Middle East Investors See Crypto a Safe Haven Despite Price Dips

Middle East Investors See Crypto a Safe Haven Despite Price Drop

Although quantifying demand for Bitcoin (BTC) in informal markets across the Middle East is difficult, small-scale traders from Lebanon to Yemen say interest in Bitcoin as a safe-haven asset is stronger than ever before, not a speculative asset.

Rami Mohammad Ali, a bitcoin miner and trader based in East Jerusalem, said the selling side of the local peer-to-peer market was drying up and the buy side was bursting into March.

He has sold a cumulative total of 30 bitcoin to 90 clients so far. That’s a significant increase from September 2019, when he said he was selling approximately 20 bitcoin a month to 50 clients.

The appeal of holding value in bitcoin, he said, is that people can access “the money any time they need it.”

In another part of the region, an anonymous Syrian family trader in Lebanon has said that small Lebanese business owners are struggling to pay their invoices abroad. So among the few Lebanese with family abroad and the necessary computer skills, some are now “buy bitcoin locally with cash and liquidate it abroad through friends and family to pay their invoices.”

Indeed, as global prices dip, some Middle Eastern bitcoin traders reported relative newbies are learning fast and looking to buy bitcoin this week.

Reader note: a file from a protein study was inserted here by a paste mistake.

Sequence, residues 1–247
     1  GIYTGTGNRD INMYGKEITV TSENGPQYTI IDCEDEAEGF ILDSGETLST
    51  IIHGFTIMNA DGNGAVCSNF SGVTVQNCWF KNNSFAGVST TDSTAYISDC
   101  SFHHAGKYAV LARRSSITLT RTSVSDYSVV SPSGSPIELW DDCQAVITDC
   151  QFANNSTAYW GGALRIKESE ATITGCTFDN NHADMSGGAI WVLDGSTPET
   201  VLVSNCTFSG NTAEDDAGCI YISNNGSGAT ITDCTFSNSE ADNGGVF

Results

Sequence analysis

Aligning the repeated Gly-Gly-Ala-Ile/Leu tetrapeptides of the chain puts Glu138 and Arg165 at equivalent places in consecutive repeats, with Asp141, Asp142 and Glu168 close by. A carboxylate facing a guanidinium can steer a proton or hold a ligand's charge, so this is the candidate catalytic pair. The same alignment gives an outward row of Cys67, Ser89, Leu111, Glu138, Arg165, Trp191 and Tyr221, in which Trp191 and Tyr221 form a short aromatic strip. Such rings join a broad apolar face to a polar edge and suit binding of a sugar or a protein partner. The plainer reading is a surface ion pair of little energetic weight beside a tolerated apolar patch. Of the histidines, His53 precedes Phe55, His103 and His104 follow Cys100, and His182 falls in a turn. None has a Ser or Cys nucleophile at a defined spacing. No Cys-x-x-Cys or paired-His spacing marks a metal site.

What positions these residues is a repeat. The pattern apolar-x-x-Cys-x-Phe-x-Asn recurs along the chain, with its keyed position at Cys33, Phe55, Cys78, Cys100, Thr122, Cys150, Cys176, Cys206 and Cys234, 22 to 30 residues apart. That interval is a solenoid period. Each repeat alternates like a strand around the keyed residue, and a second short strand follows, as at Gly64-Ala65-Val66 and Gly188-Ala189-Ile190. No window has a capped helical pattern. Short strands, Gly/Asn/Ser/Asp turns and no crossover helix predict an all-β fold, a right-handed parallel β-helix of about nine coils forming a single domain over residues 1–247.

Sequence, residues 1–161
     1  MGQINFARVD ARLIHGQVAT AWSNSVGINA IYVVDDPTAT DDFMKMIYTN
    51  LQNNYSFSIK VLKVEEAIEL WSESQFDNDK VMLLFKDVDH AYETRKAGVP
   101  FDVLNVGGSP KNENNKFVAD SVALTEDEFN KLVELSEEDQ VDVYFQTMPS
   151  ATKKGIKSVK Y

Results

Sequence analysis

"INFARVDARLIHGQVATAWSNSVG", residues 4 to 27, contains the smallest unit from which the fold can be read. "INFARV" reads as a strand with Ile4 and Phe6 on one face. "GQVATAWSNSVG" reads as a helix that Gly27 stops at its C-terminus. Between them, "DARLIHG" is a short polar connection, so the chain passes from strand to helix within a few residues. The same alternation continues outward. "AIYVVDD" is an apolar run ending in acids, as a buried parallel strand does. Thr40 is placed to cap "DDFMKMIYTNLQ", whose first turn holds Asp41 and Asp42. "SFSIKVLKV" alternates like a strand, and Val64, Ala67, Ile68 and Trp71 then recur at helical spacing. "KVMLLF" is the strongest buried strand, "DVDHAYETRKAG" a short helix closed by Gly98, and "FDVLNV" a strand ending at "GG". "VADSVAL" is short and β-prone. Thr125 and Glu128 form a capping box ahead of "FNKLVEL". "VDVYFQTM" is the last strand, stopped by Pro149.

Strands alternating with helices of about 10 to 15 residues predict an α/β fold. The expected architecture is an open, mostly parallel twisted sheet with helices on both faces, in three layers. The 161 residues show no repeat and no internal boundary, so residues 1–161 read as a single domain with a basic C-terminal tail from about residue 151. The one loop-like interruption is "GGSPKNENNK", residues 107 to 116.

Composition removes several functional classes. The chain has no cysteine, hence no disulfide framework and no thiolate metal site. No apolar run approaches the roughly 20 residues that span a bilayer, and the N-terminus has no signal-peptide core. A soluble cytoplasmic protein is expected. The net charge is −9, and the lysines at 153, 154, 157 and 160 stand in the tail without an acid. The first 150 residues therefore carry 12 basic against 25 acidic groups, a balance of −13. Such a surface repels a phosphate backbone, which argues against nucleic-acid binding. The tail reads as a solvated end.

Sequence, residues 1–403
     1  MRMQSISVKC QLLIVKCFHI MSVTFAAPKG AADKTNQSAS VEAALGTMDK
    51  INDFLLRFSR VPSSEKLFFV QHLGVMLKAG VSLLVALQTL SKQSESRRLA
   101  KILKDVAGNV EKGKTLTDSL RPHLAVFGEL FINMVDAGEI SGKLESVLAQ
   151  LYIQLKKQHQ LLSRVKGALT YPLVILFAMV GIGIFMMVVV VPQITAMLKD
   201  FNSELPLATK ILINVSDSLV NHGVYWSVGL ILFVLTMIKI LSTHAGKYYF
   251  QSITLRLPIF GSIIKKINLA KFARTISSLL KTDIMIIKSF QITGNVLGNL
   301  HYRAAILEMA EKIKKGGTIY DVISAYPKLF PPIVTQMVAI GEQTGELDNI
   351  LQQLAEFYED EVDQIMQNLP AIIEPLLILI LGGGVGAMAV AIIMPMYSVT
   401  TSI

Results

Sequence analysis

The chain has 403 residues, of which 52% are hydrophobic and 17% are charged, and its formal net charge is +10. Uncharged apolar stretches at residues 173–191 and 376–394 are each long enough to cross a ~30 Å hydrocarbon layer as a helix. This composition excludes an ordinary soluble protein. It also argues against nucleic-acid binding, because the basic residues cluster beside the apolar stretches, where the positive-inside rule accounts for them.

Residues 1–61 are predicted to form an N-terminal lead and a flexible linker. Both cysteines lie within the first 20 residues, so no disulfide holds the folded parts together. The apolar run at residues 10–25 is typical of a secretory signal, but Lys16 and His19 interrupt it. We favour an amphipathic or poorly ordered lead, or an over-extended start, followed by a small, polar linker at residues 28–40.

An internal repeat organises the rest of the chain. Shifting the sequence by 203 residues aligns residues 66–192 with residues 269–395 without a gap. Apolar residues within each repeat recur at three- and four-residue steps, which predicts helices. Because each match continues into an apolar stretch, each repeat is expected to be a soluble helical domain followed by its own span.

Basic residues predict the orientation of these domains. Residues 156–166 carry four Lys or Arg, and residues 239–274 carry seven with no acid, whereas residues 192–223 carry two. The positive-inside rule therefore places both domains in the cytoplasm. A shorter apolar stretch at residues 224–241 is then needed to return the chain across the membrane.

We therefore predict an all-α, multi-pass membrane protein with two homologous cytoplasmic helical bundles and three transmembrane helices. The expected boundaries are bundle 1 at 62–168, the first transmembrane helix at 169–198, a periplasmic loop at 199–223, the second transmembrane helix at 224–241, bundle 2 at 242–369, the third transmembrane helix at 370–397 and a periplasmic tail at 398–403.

Meanwhile an Iranian bitcoiner in Tehran said people now tend to keep their assets in gold, dollars, and housing, plus a bitcoin. In spite of the challenges faced by industrial operations, small-scale bitcoin mining is now commonplace, say locals.

 “Bitcoin is a revolutionary product but it needs a few more revolutions,” the Tehran-based bitcoiner said. “In the past, people thought bitcoin was a new type of scam. Now bitcoin is more trusted.”

Cryptocurrency Value is Based on Decentralization and Resistance to Censorship

Yemeni bitcoin trader Mohammed Alsobhi said about five civilians go on buying a small amount of bitcoin every month. Due to the widespread censorship of telecommunication networks, the bitcoin market in Yemen is much smaller and quieter than the majority in the region. But there’s interest in computer science among locals

“If I had the capabilities available in developed countries, I would have made great progress in this field,” Alsobhi said of selling bitcoin in his war-torn nation. “Most companies that deal globally … are excluding Yemen.”

Ben Freeman, a former Goldman Sachs oil trader and CEO of Creo Commodities, said the value of cryptocurrency in the region is based on being decentralized and resistant to censorship. He does not believe that the current volatility of Bitcoin has any impact on that value proposition, especially given the risk presented by the civil war in Yemen for the production of Saudi Arabian oil.

 “Extreme market sell-offs generally hit most asset classes as assets are sold to generate collateral for losing positions,” Freeman said. “If institutions break down, and bitcoin is independent to any institution or government oversight, then we’ll start to see more flight to bitcoin as an asset class.”

Share this page

Leave a Reply

avatar
  Subscribe  
Notify of